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Seriously? Winless England predicted by oddsmakers to beat Costa Rica

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Costa Rica vs. Uruguay
Costa Rica vs. Italy

With a knockout round berth already clinched, Costa Rica is now setting its sights on a first-ever run to the World Cup quarterfinals.

The Ticos will try to wrap up the top spot in Group D against England at 10 a.m. Tuesday in Belo Horizonte. With a result against the English, Costa Rica’s path to history gets much easier.

The Ticos just need a draw against an already-eliminated English team to win Group D outright. In the other Group D match Tuesday — both matches occur at the same time — Italy battles Uruguay. If Italy and Uruguay draw, Costa Rica will finish as group champions no matter what happens against England. A loss by Costa Rica and a win by either Uruguay or Italy makes the situation trickier, and all will depend on the scores of both matches.

ESPN’s data-journalism site, 538, gives Costa Rica an 89 percent chance to hold on to the top spot in the group. Strong odds in favor of the Ticos — for once. Nevertheless, oddsmakers are doubting that Costa Rica can beat or even draw England on Tuesday morning.

Costa Rica’s coaches have said they are not focused on winning the group. Head coach Jorge Luis Pinto will test out reserve players against England. A few La Sele stars could be rested. It’s a smart strategy to not risk injury, but Costa Rica hopes the move won’t cost them Group D. If the Ticos fail to conquer the group, their first opponent would be Pinto’s home country of Colombia. The South American squad is ranked eighth in the world by FIFA and has dominated Group C so far. If Costa Rica finishes first in Group D, the team will face lesser-foes — either the Ivory Coast, Greece or Japan.

Winning the group also pushes Costa Rica into the bracket opposite of host Brazil, the overwhelming favorite at the start of the tournament.

If England beats Costa Rica, the Group D champion could be determined by goal differential. La Sele has a +3 goal differential. Second place is Italy with 0, and Uruguay is at -1. This means if Costa Rica lost 2-0 to England and Italy defeated Uruguay by two goals, then Italy would jump ahead to the top spot.

If Italy or Uruguay tie Costa Rica on goal differential, the second tiebreaker would be total goals scored. Costa Rica has an edge here, but either rival could pass La Sele if their game is high-scoring. If the Ticos end up even with another team in the “goals scored” category, Costa Rica maintains the final tiebreaker thanks to the head-to-head victories over Uruguay and Italy.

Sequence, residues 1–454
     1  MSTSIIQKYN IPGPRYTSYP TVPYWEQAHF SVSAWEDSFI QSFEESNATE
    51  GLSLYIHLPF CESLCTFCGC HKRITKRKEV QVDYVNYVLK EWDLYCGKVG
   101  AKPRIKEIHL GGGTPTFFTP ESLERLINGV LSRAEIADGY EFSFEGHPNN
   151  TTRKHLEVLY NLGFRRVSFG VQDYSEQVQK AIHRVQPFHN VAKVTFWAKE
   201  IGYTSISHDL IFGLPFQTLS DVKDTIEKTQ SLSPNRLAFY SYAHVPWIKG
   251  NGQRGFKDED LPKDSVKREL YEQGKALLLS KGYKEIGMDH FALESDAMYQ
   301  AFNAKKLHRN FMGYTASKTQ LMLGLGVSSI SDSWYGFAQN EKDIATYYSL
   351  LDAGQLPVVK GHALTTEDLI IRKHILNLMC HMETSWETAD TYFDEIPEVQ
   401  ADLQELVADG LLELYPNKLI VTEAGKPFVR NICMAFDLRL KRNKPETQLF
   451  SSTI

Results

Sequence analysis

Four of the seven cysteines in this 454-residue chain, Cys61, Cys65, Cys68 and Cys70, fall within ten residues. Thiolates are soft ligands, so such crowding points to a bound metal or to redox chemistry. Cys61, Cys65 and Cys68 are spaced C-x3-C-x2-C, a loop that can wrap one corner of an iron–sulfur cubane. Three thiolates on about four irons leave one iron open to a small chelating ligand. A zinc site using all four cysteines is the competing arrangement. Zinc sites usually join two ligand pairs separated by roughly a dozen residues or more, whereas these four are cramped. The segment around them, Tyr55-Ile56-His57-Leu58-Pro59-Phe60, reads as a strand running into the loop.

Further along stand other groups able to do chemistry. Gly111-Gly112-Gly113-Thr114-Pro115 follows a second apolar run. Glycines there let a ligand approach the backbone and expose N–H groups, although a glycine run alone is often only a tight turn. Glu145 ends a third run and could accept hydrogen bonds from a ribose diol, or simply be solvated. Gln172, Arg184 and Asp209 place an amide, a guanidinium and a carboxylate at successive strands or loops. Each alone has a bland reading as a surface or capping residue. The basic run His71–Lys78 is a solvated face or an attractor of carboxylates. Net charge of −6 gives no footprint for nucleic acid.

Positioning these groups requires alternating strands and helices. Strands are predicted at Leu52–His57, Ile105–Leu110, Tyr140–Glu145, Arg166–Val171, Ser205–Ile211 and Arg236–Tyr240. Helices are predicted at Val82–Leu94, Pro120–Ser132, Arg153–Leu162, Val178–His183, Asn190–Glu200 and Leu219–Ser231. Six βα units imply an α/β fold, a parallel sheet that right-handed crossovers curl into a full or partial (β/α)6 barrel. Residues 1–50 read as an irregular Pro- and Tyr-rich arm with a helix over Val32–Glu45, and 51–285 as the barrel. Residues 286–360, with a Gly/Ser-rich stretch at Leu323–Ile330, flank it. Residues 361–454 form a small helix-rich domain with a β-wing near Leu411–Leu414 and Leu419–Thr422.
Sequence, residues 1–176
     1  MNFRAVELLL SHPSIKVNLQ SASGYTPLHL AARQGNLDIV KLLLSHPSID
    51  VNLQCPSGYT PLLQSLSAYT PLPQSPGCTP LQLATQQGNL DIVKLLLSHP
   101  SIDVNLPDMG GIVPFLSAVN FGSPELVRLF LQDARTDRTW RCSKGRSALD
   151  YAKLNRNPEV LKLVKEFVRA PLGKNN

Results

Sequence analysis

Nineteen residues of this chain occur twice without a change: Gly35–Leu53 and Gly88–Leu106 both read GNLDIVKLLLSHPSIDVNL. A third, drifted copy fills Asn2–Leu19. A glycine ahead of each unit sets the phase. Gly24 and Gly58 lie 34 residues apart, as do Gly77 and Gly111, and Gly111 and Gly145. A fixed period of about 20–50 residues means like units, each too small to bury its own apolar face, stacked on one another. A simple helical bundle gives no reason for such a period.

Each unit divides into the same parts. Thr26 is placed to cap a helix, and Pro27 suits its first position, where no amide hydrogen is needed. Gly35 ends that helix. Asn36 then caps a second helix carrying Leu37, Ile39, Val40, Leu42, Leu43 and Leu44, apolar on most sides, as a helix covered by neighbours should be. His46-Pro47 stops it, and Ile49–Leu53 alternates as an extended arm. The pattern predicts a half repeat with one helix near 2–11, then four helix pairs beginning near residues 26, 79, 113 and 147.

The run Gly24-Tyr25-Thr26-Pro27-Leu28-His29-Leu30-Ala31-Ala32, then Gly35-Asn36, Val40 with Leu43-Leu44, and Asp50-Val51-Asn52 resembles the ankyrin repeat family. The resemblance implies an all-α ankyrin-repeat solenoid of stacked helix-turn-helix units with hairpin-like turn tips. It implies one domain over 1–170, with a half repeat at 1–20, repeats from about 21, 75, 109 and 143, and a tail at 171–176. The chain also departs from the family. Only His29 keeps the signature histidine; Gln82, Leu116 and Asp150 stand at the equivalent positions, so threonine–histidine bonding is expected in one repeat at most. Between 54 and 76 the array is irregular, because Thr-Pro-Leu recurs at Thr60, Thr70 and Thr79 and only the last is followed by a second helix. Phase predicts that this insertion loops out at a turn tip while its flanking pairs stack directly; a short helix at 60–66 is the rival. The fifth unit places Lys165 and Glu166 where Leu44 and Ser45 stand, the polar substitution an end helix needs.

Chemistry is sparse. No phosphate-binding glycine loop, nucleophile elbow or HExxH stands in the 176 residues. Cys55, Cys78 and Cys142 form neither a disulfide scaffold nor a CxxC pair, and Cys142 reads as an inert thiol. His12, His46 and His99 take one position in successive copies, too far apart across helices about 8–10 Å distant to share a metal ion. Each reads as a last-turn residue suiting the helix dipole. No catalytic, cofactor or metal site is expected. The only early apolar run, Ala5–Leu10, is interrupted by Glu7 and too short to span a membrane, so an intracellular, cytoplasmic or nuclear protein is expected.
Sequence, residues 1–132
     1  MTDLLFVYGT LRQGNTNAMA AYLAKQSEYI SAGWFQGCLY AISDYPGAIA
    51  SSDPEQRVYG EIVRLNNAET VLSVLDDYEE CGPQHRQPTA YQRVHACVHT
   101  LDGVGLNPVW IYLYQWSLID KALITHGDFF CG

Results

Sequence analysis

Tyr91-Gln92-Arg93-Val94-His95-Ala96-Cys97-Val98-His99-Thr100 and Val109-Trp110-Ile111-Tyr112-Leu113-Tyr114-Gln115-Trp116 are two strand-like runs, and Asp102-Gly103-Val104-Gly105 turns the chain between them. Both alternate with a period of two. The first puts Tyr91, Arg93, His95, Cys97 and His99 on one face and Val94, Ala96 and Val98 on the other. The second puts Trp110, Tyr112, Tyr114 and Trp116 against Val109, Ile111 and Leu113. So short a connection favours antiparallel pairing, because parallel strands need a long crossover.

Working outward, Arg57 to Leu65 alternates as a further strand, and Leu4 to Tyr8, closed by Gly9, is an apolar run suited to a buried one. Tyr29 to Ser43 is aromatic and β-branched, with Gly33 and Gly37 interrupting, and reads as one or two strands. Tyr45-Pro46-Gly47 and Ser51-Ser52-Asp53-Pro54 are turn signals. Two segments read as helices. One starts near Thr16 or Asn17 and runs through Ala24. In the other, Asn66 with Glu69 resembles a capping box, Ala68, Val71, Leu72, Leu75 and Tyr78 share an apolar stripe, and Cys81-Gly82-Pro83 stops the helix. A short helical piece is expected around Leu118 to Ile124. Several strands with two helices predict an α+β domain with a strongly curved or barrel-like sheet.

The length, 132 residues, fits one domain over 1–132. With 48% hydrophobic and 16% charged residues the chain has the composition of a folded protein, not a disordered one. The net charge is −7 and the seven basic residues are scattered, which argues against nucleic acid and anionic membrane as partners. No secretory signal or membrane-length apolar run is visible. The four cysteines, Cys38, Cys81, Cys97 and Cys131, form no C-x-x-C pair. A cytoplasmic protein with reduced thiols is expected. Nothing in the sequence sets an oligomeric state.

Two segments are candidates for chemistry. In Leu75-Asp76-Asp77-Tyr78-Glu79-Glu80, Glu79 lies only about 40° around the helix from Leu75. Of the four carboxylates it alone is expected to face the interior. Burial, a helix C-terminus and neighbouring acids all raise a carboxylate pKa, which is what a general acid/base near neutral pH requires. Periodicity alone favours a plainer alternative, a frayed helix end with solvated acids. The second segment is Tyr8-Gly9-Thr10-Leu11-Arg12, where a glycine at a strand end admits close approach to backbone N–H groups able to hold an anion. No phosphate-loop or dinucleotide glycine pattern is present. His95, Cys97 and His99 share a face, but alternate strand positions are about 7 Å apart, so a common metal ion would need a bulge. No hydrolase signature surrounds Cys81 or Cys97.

Winless English favored over Costa Rica

Despite the Central American country dominating the first two group matches, the Ticos are again an underdog against England — a squad that lost to both Uruguay and Italy.

Costa Rica’s three Group D rivals have won a combined seven World Cup titles. England’s deep football history certainly factors into why prognosticators are underestimating La Sele a third time. ESPN’s 538 predicted a 42 percent chance for an English win, compared to a 29 percent chance of a Costa Rican victory. English betting sites give La Sele longer odds. As of Monday afternoon, Paddy Power gave the Ticos’ a 23 percent chance to win and Ladbrokes gave them a 24 percent chance. Those odds might change Tuesday morning with England announcing an experimental line-up for the match.

Gamblers aren’t doubting Costa Rica. According to a Financial Times report, the English are actually putting more money on Costa Rica than their own side. Of course, English fans already are disheartened about their country’s elimination. And entering the tournament, a New York Times poll called England the country “most pessimistic” about its team’s chances (Costa Rica was the second most pessimistic; obviously a result of the tough group that the Ticos later upended).

In another minor sign of growing respect, 538 finally awarded Costa Rica a greater than 1 percent chance of winning the tournament.

Costa Rica advanced to the knockout round of 16 teams once before in World Cup history, losing to Czechoslovakia in 1990.


Contact Corey Kane at ckane@ticotimes.net5

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Didier Jiménez

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